Do COVID vaccines stop transmission? Here is what we know

Coronavirus vaccines like AstraZeneca and Pfizer protect us not only against the virus, but help to stop its transmission.

Coronavirus vaccines like AstraZeneca and Pfizer protect us not only against the virus, but help to stop its transmission. Photo: Getty

First and foremost the vaccines are designed to stop people from getting severely sick and dying – and both vaccines available in Australia, AstraZeneca and Pfizer, do a great job at that.

A study published in The New England Journal of Medicine this week, revealed two doses of Pfizer was 88 per cent effective at preventing symptomatic disease from the Delta variant. AstraZeneca was 67 per cent effective.

Both are almost 100 per cent effective in stopping death from COVID-19.

But since vaccines started being distributed across the world, scientists have been hesitant to say if they reduce transmission. 

Do COVID vaccines stop transmission?

There are no vaccines that stop humans from getting infected, AMA national vice-president Chris Moy said.

“A lot of people have misunderstood. There is no vaccine that is 100 per cent effective at stopping transmission,” Dr Moy told The New Daily.

So there will be – and are – some fully vaccinated people who still contract COVID-19.

For instance, between April 10 and May 1, six people in New South Wales hotel quarantine tested positive for the virus, despite being fully vaccinated.

In April, Public Health England revealed the results of a study of more than 365,000 households, each with a mix of vaccinated and unvaccinated members.

The results showed Pfizer and AstraZeneca reduced the chance of onward virus transmission by 40 to 60 per cent.

Dr Moy said some people might look at those results and be dismayed, thinking it just halves the transmission probability.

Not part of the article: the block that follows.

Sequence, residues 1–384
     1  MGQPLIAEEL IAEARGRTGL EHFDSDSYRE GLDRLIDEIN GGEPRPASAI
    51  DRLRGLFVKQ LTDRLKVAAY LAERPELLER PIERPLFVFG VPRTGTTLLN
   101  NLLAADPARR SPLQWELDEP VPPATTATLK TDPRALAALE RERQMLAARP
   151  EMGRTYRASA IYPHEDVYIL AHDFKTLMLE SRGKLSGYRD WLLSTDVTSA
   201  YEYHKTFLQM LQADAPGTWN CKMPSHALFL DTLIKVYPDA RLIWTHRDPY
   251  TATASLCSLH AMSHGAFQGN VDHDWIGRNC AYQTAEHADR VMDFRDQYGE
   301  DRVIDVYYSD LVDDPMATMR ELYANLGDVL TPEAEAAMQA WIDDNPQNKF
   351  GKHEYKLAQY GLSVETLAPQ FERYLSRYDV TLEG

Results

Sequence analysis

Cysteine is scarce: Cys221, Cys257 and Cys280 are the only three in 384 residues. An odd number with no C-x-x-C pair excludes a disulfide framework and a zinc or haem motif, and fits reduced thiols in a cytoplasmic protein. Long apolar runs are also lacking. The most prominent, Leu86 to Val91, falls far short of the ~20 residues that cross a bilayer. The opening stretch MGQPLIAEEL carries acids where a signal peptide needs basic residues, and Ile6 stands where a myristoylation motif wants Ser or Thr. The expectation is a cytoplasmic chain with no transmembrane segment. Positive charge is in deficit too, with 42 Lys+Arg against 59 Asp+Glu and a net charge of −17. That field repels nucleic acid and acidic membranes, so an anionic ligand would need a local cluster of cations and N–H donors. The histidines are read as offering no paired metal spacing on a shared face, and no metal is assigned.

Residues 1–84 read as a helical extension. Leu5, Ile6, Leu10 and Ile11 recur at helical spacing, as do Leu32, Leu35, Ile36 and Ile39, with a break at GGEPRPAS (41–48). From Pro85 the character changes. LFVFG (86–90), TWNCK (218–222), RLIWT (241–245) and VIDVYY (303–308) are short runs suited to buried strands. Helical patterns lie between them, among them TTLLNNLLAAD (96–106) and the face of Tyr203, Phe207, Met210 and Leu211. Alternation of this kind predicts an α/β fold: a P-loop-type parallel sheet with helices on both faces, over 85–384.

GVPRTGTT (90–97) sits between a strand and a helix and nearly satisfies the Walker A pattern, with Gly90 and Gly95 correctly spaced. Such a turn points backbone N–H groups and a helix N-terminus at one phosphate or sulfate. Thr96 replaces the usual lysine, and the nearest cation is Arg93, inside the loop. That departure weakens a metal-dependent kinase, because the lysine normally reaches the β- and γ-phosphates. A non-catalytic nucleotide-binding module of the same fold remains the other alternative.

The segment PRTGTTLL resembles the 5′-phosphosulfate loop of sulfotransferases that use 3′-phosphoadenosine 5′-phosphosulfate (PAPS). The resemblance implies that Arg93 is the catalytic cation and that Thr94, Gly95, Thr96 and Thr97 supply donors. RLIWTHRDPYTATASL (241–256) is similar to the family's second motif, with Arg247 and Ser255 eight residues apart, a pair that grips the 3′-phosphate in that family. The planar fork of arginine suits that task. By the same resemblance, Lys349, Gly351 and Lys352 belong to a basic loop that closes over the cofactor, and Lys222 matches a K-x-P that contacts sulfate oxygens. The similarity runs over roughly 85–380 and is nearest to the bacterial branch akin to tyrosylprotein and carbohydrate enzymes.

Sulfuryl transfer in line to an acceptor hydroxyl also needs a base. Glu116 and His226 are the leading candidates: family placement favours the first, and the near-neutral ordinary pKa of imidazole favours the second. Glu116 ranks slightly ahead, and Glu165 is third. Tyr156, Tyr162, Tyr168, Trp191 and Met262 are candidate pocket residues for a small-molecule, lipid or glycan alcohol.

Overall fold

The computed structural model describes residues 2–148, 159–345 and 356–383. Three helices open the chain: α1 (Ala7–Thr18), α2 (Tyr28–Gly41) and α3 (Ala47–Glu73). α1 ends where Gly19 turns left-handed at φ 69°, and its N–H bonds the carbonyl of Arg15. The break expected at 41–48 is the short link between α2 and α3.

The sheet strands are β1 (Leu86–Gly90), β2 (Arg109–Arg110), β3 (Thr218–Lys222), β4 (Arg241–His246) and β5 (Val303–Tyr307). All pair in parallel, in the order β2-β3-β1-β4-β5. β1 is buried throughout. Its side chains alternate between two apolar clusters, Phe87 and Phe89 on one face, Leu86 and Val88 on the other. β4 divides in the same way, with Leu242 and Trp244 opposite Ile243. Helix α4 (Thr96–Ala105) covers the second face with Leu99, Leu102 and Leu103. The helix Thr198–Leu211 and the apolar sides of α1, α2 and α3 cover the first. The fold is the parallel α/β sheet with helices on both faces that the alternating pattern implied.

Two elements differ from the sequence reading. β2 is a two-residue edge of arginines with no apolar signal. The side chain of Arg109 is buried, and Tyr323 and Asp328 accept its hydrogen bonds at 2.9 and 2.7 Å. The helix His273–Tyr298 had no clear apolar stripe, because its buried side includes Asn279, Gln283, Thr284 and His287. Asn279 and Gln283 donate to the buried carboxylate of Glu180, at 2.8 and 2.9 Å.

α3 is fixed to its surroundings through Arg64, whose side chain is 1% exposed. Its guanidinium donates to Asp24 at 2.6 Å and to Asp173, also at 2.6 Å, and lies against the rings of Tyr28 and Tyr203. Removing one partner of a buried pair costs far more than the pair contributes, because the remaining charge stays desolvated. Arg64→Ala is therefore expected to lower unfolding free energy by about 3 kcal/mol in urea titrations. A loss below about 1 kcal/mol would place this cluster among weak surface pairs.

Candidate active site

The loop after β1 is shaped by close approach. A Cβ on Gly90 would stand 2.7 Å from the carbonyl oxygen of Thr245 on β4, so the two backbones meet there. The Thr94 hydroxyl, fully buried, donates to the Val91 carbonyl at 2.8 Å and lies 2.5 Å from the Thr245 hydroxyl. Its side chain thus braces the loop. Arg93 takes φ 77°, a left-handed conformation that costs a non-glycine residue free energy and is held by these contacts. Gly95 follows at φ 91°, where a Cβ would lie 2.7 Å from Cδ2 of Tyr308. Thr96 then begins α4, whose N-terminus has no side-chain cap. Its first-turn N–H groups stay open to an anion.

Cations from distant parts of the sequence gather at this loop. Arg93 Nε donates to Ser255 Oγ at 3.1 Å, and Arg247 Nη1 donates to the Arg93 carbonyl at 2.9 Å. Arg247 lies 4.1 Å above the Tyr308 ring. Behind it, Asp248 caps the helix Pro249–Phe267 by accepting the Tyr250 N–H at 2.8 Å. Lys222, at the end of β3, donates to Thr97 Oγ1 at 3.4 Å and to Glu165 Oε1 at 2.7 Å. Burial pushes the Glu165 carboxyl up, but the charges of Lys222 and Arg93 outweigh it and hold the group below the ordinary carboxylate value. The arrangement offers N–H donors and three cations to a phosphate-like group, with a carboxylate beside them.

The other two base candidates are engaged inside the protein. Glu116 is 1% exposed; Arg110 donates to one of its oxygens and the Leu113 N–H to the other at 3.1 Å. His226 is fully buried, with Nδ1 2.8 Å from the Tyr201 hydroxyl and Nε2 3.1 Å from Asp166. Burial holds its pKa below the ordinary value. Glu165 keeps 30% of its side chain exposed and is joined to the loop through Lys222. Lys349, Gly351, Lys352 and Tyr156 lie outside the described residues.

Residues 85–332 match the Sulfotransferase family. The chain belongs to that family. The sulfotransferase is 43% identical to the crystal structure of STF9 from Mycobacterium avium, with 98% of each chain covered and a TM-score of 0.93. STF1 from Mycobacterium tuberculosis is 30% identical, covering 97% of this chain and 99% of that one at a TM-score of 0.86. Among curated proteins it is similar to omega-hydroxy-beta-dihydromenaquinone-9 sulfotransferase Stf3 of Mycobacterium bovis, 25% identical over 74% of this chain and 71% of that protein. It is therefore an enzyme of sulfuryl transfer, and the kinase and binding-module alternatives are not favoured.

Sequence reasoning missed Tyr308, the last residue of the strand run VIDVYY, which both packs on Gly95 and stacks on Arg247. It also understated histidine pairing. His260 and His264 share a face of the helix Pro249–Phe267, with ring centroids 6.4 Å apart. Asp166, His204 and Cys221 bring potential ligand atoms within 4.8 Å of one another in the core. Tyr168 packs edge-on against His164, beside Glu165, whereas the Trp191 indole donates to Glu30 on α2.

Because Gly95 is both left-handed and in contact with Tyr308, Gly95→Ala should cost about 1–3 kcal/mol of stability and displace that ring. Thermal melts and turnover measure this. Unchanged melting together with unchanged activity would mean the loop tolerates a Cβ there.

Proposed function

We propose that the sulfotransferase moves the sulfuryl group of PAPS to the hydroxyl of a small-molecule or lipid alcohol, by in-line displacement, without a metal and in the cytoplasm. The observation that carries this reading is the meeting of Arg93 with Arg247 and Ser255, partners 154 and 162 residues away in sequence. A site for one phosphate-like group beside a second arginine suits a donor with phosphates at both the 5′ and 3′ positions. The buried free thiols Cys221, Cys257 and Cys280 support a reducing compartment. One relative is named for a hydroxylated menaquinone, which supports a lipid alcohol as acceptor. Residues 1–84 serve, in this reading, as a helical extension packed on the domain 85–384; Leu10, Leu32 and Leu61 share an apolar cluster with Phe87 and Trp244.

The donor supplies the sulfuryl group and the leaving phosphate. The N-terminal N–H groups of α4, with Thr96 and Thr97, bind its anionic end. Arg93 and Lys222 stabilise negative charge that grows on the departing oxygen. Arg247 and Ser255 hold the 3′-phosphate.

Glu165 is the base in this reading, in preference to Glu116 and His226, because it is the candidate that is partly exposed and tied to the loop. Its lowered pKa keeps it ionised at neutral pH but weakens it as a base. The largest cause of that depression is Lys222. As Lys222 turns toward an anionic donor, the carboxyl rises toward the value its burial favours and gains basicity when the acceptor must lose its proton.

What they need to think about is the R level – the rating system for the virus’s ability to spread.

“We’ve got a Delta with an R level of six. That means every person getting it is giving it to six people,” Dr Moy explained.

With a vaccine, that six becomes three – halving the odds, he said.

University of Queensland professor of medicine Paul Griffin said Australia’s focus on having zero COVID cases is not possible long term.

What is essential to ‘COVID normal’ is lowering the transmission rate, Dr Griffin said.

“We need to have a manageable amount of transmission, and enough people vaccinated so the consequences of cases will be mitigated,” he told TND.

“It’s important to point out that those people are much less likely to get severely sick. And they’re half as likely to pass it on.”

What about Delta?

As we know, Delta changes everything.

One UK study published in July showed Pfizer and AstraZeneca offered slightly lowered protection against symptomatic Delta.

We can also expect a small drop in the protection against transmission, Dr Griffin said.

“The thing with Delta is we know it’s more infectious and there’s more of it out there. So all of those things are probably slightly reduced,” he said.

The race is on

Professor Griffin said the entire world is locked in a race against the virus – we’ve got to achieve a majority vaccination before the variants become too strong.

“Every additional susceptible host is an opportunity for the virus to develop variants of concern,” Dr Griffin said.

“The more people vaccinated, the lower the transmission, the less replication and the less likely we are to see a new emerging variant.”

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